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This essay is a very belated response to a " part 1 " published in February 2015. The gist of that essay was a response to a corre...

Wednesday, April 6, 2011


(1) In the "1001 myths" posts I won't deal with anything that is a *direct* adapation. For instance, many of the Tarzan novels have mythic resonance, but I won't cite any of their comics-adaptations, because the stories originated outside of comics.

However, if someone scripted a new Tarzan building in part on concepts created by the prose novels, I could conceivably include that story, if indeed it extends the mythic elements in a new direction. The BLONDIE comic-story I recently analyzed is, as far as I know, original to that comic book, even though it certainly builds on tropes articulated in the comic strip.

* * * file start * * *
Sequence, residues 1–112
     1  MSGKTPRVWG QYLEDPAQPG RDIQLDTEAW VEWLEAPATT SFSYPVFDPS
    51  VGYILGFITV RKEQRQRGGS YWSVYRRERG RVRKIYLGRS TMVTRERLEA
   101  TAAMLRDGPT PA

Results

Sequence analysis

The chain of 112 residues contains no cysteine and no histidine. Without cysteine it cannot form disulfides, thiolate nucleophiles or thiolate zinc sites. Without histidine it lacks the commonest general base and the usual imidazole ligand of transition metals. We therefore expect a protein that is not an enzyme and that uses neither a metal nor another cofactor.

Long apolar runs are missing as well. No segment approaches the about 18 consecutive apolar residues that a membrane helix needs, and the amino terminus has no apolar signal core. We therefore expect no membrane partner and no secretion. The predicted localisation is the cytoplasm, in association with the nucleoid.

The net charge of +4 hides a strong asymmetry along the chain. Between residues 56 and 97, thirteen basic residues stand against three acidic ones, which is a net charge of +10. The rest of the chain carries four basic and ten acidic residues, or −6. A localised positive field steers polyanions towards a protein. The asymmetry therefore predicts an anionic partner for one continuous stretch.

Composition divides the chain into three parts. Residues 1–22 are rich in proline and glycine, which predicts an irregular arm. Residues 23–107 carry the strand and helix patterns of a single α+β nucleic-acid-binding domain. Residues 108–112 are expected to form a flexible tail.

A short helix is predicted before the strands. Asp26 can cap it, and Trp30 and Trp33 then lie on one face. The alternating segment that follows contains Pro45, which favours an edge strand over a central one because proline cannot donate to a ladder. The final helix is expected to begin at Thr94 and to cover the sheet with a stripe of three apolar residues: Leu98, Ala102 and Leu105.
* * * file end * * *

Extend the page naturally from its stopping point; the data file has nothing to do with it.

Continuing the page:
(2) There are, to be sure, many excellent stories in comic books that won't appear here because they are not plurisignative. A pertinent example is Will Eisner's SPIRIT story "Ten Minutes," which is a marvelous experiment with telling a comic-book story in seeming "real time." However, it's also a monosignative story, concerning only one level of symbolism. I may examine the relationship between mythicity and overall excellence in a future essay.

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